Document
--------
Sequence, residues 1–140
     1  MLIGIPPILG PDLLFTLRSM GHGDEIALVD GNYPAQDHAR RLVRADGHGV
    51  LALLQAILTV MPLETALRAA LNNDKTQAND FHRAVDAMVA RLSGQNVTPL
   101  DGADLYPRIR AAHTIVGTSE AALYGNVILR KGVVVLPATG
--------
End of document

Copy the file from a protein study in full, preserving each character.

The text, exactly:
Sequence, residues 1–140
     1  MLIGIPPILG PDLLFTLRSM GHGDEIALVD GNYPAQDHAR RLVRADGHGV
    51  LALLQAILTV MPLETALRAA LNNDKTQAND FHRAVDAMVA RLSGQNVTPL
   101  DGADLYPRIR AAHTIVGTSE AALYGNVILR KGVVVLPATG